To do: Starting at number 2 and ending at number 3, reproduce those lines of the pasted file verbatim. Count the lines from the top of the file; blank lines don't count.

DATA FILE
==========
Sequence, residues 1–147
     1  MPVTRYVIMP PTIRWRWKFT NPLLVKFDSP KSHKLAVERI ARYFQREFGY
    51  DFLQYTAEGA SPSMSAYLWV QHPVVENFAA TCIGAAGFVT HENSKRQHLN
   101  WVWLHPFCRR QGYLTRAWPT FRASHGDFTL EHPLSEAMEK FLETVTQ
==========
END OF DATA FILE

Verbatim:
     1  MPVTRYVIMP PTIRWRWKFT NPLLVKFDSP KSHKLAVERI ARYFQREFGY
    51  DFLQYTAEGA SPSMSAYLWV QHPVVENFAA TCIGAAGFVT HENSKRQHLN